Highways England starts trial of innovative ‘US-style’ junction system


Highways England (HE) has begun testing on an innovative, pilot project designed to reduce congestion along the M62 motorway near Warrington in Cheshire, using a form of the US-style ‘ramp metering’ system.

HE is delivering the project at the Croft Interchange, where junction 21a of the M6 meets junction 10 of the M62, to give drivers smoother and more reliable journeys along the eastbound M62, one of the busiest commuter congestion hotspots in the region. When the testing is completed in December / January, electronic information signs and variable mandatory speed limits on the M62 will combine with traffic lights on the motorway link roads from the M6, to provide smoother traffic flows.

The new motorway to motorway system will be introduced in two phases. The electronic variable message signs (VMS) will be introduced first, and drivers traveling between junction 9 and junction 11 of the eastbound M62 will start to see the signs in operation displaying mandatory variable speed limits and other information such as congestion warnings. The second phase of the scheme will see the traffic lights switched on at the end of the link roads onto the eastbound M62. Traffic leaving the M6 will be closely monitored and the lights will be controlled to minimize queuing onto the M6.

The £7m (US$9.2m) construction project involved installing some of the largest gantries ever used in the region to carry the electronic signs, crossing up to 10 lanes of traffic. Money for the project is coming from a £150m (US$197m) innovation fund, which is designed to encourage the agency to look at new technology or novel techniques to improve journeys, and is part of the £15bn (US$19.6bn) allocated in the UK government’s 2015 to 2020 Road Investment Strategy.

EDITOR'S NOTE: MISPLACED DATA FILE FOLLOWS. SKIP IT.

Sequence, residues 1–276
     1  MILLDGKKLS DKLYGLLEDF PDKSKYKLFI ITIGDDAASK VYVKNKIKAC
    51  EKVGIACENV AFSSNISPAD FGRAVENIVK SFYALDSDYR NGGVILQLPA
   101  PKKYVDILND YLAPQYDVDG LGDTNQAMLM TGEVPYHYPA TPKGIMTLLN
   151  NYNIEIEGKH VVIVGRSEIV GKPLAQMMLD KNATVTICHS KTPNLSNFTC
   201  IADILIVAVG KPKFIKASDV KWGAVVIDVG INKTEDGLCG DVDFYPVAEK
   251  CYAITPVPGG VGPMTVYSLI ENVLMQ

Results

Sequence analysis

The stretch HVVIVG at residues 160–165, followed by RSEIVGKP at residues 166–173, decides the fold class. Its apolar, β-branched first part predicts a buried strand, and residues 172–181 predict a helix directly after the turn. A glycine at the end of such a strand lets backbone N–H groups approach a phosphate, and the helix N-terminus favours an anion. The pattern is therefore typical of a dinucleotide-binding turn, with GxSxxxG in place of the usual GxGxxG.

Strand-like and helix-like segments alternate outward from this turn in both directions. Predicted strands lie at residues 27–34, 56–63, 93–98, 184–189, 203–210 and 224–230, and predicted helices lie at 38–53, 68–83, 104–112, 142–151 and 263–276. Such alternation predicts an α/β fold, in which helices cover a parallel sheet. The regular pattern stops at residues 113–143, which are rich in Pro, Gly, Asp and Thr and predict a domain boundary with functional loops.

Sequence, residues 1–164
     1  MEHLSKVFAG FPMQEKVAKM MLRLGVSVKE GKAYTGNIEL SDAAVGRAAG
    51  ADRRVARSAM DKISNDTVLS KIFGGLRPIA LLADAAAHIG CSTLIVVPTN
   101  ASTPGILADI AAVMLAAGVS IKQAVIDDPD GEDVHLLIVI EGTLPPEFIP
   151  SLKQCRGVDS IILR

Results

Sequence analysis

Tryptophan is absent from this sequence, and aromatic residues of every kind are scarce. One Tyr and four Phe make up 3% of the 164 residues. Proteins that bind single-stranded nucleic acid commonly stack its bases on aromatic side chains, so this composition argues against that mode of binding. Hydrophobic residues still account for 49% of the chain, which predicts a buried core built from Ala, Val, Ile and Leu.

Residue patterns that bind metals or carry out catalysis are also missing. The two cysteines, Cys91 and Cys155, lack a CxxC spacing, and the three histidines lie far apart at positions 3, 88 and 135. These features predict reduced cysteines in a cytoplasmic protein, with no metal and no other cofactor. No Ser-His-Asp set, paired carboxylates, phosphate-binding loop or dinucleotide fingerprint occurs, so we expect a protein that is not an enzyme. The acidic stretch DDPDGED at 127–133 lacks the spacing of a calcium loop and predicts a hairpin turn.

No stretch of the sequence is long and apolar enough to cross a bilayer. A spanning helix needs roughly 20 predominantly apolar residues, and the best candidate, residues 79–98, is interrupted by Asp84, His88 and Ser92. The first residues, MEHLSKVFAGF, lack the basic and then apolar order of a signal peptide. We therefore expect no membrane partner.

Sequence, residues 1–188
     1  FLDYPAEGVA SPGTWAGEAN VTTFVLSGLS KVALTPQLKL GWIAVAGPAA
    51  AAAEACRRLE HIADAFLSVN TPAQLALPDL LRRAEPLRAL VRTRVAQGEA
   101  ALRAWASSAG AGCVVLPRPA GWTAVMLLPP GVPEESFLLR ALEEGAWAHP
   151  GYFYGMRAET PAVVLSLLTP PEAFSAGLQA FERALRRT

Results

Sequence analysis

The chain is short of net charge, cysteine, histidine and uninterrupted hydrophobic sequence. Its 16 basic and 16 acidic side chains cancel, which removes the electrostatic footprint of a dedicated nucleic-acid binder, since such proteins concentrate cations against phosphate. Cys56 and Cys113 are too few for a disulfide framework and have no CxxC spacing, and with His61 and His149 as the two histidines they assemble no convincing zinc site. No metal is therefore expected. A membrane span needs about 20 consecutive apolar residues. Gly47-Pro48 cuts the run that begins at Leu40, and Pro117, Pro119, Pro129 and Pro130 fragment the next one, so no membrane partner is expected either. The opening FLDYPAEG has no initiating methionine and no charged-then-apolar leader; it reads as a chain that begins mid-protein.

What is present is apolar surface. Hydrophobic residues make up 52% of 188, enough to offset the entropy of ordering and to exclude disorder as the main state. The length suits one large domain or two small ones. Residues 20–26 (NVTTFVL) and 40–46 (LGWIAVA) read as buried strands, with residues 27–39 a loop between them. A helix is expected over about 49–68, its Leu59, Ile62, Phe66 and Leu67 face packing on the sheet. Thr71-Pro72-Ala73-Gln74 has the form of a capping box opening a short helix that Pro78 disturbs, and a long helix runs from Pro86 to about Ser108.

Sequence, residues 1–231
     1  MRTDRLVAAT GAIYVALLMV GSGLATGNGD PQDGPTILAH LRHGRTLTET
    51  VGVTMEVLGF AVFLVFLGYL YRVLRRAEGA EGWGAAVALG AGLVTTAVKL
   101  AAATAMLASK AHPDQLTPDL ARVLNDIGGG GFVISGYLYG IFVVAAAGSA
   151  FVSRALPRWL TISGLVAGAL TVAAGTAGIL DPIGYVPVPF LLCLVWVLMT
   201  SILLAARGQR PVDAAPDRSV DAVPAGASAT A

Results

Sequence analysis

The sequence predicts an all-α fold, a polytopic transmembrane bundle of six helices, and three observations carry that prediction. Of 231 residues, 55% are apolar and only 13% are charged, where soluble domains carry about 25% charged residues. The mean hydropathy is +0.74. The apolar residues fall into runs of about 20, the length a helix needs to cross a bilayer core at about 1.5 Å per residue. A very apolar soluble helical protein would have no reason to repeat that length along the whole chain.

“This is an opportunity to combine existing technology and traffic management systems in a novel way to see whether we can give drivers using the frequently congested eastbound M62, lower journey times during peak hours and smoother, more reliable journeys.

“Once the system is fully up and running we’ll be monitoring its use over a period of up to a year. If it is successful, it could well be used on other motorway-to-motorway link roads across the country,” explained Andy Withington, HE’s program delivery manager for the North West.

“The key aim of the project is to test the novel technology introduced through this pilot project and tackle congestion at peak travel times, especially during the morning rush hour.”

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Tom has edited Traffic Technology International (TTi) magazine and its Traffic Technology Today website since May 2014. During his time at the title, he has interviewed some of the top transportation chiefs at public agencies around the world as well as CEOs of leading multinationals and ground-breaking start-ups. Tom's earlier career saw him working on some the UK's leading consumer magazine titles. He has a law degree from the London School of Economics (LSE).